Saturday, 11 October 2014


There's been a definite change in the weather and seasons this week. Autumn has finally arrived in all her russet and golden glory (plus the blustery showers and downpours) and I've been marvelling at all the wonderful colours. However, I still have a couple of summery things to show you, so let's go back in time.

After visiting the singing ringing tree in July, I really wanted to visit some of the other panopticons in Lancashire. So, at the end of August, we (with the addition of Chickpea's boyfriend) headed to Wycoller Country Park, near Colne, to see the Atom. First we headed into the village.

I was amazed to learn that there had once been plans to put a reservoir here so all of these lovely cottages would have been under water. Thank goodness they changed their minds.

There are only a handful of houses in the village which lay abandoned for many years after the residents (mostly weavers) moved out to find work. There's no through roads and only residents and disabled visitors are allowed to bring in vehicles.

Ahead of us were the ruins of the 16th century Wycoller Hall. You can either cross the Beck using the ford or walk over the bridge...

Wycoller was also known as the Valley of the Seven Bridges, three of which are very old. This one is the Packhorse bridge which is of uncertain date but seems to be from sometime between the 13th and 15th century.

Like a lot of the bridges, it's pretty narrow and not for the unsteady!

Wycoller Hall is rumoured to have been the inspiration for Ferndean Manor in Charlotte Bronte's Jane Eyre.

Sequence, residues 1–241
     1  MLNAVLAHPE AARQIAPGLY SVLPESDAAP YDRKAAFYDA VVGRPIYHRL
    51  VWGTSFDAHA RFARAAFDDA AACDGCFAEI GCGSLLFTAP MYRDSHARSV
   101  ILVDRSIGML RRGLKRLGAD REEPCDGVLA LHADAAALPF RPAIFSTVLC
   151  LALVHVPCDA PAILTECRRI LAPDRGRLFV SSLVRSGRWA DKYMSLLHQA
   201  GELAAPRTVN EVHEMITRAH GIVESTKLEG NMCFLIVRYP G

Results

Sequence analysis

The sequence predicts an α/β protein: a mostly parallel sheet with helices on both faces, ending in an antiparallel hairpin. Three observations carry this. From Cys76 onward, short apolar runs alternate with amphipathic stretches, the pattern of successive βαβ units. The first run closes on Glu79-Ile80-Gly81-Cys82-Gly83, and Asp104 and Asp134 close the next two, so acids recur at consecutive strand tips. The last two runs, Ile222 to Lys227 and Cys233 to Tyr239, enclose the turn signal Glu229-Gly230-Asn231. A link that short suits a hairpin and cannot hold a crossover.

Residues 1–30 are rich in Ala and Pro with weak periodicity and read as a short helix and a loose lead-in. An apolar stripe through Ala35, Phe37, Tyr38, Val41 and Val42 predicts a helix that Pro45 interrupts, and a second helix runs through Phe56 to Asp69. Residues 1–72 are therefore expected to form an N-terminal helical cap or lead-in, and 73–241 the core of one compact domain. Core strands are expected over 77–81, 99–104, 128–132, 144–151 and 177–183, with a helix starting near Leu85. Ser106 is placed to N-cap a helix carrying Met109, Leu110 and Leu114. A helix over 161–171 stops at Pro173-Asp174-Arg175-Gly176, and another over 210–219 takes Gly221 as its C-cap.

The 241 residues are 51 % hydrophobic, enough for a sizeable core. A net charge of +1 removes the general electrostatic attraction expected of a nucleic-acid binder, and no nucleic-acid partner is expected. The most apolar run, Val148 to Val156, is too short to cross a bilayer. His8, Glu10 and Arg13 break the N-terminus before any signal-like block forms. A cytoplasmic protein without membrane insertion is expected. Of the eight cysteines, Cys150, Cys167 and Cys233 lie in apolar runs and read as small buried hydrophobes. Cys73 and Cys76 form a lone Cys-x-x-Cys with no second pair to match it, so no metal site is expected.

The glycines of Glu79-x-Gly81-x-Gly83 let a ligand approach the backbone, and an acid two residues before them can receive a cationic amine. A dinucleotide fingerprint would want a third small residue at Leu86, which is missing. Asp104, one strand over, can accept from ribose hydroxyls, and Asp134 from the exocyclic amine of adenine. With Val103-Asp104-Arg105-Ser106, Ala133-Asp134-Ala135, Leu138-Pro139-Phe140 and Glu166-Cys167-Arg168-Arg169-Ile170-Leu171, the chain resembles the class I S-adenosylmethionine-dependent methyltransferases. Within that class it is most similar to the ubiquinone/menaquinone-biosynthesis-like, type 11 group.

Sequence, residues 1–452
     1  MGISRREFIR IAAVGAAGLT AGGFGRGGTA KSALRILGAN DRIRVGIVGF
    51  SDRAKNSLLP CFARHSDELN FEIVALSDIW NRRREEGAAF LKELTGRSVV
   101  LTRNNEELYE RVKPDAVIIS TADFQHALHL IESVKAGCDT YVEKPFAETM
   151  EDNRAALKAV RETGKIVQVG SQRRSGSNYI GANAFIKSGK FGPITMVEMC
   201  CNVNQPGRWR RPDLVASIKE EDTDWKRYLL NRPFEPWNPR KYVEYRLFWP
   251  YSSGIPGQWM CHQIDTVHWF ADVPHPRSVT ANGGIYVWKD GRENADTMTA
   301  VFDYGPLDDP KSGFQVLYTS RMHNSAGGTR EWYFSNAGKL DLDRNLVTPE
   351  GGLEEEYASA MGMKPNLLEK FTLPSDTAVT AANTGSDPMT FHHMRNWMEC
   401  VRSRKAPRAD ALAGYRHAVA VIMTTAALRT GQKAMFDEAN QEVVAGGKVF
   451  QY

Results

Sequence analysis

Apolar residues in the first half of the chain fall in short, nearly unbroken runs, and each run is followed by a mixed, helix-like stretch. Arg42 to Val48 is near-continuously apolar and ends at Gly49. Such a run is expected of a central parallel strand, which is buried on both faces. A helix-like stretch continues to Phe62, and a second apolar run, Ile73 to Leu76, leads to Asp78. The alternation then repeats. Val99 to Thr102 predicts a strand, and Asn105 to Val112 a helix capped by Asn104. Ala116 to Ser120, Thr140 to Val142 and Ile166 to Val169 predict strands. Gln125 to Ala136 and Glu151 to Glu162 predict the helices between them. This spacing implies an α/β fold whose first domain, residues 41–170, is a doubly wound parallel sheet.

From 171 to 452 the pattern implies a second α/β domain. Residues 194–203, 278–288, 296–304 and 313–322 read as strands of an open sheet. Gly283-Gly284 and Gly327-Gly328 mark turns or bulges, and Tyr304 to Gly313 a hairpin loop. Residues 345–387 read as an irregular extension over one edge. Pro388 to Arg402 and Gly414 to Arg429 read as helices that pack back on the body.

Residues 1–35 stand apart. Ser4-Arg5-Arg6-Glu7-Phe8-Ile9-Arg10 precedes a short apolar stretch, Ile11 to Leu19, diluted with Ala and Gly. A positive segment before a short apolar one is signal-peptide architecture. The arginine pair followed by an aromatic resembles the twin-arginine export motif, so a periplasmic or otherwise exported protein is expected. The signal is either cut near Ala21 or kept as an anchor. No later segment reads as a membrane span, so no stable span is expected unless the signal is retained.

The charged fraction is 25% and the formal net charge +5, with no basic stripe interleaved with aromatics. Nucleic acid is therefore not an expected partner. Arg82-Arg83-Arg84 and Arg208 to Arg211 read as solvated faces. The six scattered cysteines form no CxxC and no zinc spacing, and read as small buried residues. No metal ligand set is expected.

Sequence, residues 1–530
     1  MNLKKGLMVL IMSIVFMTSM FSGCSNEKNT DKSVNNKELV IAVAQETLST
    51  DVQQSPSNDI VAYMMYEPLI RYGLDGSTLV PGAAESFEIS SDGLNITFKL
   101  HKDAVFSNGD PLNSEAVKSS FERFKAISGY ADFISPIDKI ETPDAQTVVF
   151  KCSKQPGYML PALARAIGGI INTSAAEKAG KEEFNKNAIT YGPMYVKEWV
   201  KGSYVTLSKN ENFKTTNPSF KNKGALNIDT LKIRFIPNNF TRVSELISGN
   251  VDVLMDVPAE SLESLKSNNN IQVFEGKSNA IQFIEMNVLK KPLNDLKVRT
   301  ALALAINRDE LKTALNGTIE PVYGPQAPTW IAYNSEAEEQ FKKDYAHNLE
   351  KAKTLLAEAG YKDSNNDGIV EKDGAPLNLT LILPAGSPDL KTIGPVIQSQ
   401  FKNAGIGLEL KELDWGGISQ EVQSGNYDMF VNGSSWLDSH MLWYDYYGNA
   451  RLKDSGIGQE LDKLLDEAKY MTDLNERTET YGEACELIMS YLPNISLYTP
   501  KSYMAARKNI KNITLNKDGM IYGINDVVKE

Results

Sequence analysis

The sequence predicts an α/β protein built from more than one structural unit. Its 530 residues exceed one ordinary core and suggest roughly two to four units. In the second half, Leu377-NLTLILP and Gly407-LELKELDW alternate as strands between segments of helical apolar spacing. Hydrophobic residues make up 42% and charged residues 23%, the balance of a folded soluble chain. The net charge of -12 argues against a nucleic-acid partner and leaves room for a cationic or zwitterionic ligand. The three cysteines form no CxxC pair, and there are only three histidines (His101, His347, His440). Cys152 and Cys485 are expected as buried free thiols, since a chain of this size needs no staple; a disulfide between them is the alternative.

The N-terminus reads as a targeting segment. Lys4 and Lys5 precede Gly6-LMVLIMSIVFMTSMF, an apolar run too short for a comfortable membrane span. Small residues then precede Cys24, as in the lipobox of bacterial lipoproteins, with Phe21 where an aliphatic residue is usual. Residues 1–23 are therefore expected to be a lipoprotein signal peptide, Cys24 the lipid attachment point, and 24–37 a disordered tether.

Leaving the Hall, we crossed back over the beck using Clapper Bridge (also called Hall, Weaver's or Druid's Bridge), which is equally as precarious as the Packhorse. It originally had a clog-worn surface but it was chiselled flat many years ago after a farmer's daughter died after falling from it.

Next stop was the cafe for a spot of lunch.

For such a small place and isolated location, there was a really good menu and very reasonable prices. I couldn't resist the pie, peas and gravy for a bargain £3.95!

Tummies full, we headed out to follow the path up to the Atom.

Along the field boundaries were these unusual slab stone walls, which look a bit like gravestones. They're known as vaccary walls and are thought to be unique to the Pennine area of Lancashire and Yorkshire. These are believed to be medieval: vaccaries were cattle farms.

Another view of the vaccary walls with Pendle Hill in the distance.

And there's the Atom in the distance.

It's made of ferro-cement and is coated in a metal-based paint. Can you see a stump in the middle inside? That once held a polished steel ball but some horrible person(s) has stolen it! You can see what it would have originally looked like and photos of it during construction here.

Having played around peeping in and out of the windows and admiring the amazing scenery, we carried on following a circular route back to the village.

The rocks on the hill are part of Foster's Leap where foolhardy souls try jumping across the gap between two of the larger ones!

Small Copper

The path took us straight through the manicured lawn of the farm ahead of us, which I felt a bit awkward about. However, they must be used to people tramping through their garden and it is a public footpath.

Over another small wooden bridge to cross the beck.

This is the last of the historic bridges, Clam Bridge, and by far the oldest as it's believed to be over 1000 years old.

I don't know how old the Copy House Bridge is but we crossed this one to follow a short path through a new plantation.